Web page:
Bacterial Growth of Uropathogenic Escherichia coli in Pooled Urine Is Much Higher than Predicted from the Average Growth in Individual Urine Samples

Jacob Hogins, Ethan Fan, Zheyar Seyan, Sam Kusin, Alana L. Christie, Philippe E. Zimmern, Larry Reitzer

Research output: Contribution to journalArticlepeer-review

Abstract

Urinary tract infections (UTIs), mostly caused by uropathogenic E. coli (UPEC), affect most women, and often recur. Genomic and transcriptomic analyses have not identified a common set of virulence genes, which has suggested complex host-pathogen interactions and multiple virulence mechanisms. One aspect of the host-pathogen interaction is rapid UPEC growth in urine in vivo. When bacterial growth in urine is studied in vitro, urine is pooled, which is assumed to diminish individual variation. We grew one nonpathogenic and two pathogenic E. coli strains in urine from individuals who never had a UTI, had a UTI history but no current infection, and had a UTI history with a current infection. Bacterial growth showed large variations in individual urine samples, and pooled urine often supported significantly more growth than the average growth from individual urine samples. Total nutrient content tended to be higher in current group urine samples than the never and history grouped samples urine. We propose that pooling optimizes a nutrient mixture in the never and history group urine samples, which are often studied, whereas urine from current group individuals may have a more optimal nutrient mixture because of additional nutrient sources. We conclude that a pooled urine is not “an average urine sample,” and that the best comparisons of results between labs using pooled urine would also include results with a standardized synthetic urine. IMPORTANCE Urinary tract infections (UTIs) will affect most women, can recur especially in postmenopausal women, and can become antibiotic recalcitrant. Escherichia coli causes most community-acquired UTIs and recurrent UTIs. Current theories of virulence, based on studies of UTI-associated E. coli, propose multiple virulence mechanisms and complex host-pathogen interactions. Studies of bacterial growth in urine samples—one aspect of the host-pathogen interaction—invariably involve pooled urine that are assumed to eliminate variations between individuals. Our results show that a pooled urine is not necessarily an average urine sample, and we suggest that quantitative and qualitative variations in nutrient content are the basis for this discrepancy. Knowledge of growth-promoting urinary components is important for understanding host-pathogen interactions during UTIs and could contribute to developing nonantibiotic-based therapies.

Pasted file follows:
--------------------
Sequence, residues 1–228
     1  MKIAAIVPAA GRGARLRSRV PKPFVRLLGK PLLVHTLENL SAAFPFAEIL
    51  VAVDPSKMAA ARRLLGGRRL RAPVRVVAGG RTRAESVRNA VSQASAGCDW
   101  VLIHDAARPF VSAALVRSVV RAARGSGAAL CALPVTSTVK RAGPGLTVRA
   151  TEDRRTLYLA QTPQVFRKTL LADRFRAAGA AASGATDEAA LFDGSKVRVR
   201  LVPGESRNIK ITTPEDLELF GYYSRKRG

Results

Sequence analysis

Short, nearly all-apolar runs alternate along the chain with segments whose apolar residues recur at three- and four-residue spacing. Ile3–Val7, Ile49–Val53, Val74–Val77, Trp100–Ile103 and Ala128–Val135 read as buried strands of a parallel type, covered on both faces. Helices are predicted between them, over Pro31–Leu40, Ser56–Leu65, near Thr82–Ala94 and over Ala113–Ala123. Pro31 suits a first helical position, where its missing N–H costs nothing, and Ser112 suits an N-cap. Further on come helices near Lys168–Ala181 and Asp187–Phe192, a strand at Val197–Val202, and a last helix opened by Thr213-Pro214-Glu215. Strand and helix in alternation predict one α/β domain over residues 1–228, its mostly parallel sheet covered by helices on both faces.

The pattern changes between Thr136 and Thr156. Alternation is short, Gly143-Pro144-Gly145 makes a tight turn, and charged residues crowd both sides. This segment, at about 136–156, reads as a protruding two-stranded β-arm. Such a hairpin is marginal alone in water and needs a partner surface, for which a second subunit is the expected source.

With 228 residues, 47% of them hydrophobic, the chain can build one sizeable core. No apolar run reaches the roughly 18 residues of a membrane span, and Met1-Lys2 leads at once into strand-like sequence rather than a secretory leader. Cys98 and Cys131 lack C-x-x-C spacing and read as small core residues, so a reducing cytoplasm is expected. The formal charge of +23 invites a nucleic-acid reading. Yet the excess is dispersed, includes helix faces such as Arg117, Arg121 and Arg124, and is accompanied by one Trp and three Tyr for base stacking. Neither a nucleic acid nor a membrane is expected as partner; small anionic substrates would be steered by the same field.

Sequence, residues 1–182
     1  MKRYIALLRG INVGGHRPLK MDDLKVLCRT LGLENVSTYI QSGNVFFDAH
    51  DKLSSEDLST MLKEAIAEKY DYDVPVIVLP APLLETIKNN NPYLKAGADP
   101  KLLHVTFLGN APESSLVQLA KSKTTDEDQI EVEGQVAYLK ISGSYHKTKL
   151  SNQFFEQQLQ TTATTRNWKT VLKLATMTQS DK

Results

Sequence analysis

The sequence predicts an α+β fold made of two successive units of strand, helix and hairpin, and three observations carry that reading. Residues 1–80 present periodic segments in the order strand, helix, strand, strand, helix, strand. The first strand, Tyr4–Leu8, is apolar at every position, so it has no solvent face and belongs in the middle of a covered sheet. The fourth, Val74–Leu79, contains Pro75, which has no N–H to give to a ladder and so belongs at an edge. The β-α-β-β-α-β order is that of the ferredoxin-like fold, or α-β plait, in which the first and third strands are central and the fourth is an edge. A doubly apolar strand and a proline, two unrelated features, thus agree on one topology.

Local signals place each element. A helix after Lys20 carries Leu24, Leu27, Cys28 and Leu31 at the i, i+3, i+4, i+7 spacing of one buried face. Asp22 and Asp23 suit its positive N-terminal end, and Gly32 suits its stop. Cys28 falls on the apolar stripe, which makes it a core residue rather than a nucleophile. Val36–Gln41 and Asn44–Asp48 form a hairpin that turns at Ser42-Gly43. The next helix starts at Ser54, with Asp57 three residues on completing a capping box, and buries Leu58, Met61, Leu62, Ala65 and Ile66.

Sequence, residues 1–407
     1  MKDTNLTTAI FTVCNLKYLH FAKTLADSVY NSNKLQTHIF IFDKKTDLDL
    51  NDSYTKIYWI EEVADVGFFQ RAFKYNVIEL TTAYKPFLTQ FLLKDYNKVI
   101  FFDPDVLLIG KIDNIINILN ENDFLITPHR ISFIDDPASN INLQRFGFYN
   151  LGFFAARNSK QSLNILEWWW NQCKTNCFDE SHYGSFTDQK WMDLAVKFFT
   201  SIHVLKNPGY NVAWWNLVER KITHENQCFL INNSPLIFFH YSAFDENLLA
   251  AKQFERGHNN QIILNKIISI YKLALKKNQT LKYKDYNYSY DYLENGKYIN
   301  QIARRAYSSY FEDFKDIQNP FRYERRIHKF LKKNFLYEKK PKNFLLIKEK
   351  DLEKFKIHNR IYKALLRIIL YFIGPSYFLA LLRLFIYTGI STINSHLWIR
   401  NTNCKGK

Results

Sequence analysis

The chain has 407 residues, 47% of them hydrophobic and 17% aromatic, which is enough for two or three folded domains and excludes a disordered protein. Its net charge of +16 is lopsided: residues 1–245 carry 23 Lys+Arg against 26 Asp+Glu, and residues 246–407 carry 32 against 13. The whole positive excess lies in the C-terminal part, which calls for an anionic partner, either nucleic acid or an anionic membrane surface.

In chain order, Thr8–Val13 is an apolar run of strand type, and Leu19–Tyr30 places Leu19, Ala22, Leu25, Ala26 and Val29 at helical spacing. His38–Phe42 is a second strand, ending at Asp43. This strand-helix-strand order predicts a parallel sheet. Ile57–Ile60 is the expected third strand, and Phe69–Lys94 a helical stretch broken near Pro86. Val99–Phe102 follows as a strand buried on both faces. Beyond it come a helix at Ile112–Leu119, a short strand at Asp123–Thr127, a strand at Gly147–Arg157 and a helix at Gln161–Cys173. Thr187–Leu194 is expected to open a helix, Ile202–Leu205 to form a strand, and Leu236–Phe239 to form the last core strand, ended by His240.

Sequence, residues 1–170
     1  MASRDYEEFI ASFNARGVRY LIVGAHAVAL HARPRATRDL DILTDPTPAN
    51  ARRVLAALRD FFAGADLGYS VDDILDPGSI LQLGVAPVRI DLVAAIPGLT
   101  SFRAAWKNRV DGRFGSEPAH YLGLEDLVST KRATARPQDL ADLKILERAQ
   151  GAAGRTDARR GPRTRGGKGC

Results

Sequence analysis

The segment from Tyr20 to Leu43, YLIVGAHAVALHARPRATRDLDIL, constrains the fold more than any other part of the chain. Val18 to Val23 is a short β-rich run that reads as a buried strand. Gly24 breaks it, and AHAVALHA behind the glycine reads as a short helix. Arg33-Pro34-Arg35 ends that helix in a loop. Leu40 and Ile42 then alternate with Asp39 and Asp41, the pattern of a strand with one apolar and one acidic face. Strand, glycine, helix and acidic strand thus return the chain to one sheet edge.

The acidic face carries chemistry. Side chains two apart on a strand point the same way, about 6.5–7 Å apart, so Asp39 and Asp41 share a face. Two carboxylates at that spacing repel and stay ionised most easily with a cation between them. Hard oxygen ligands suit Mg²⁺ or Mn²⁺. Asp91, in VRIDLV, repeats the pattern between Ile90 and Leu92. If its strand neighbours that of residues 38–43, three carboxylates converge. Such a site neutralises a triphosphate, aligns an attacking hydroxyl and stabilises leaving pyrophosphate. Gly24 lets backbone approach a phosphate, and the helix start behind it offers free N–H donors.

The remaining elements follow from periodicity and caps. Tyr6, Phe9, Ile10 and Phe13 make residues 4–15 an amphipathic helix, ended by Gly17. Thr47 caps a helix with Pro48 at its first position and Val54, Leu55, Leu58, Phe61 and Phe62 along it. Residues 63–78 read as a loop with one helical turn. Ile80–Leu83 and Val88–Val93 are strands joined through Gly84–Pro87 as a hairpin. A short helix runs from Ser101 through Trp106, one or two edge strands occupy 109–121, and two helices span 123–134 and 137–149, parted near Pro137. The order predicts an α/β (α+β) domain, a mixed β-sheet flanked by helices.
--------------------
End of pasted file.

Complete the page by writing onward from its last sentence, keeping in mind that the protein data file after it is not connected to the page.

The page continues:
Original languageEnglish (US)
JournalMicrobiology Spectrum
Volume10
Issue number5
DOIs
StatePublished - Sep 2022

Keywords

  • bacterial growth
  • Escherichia coli
  • urinary tract infection

ASJC Scopus subject areas

  • Physiology
  • Ecology
  • Immunology and Microbiology(all)
  • Genetics
  • Microbiology (medical)
  • Cell Biology
  • Infectious Diseases

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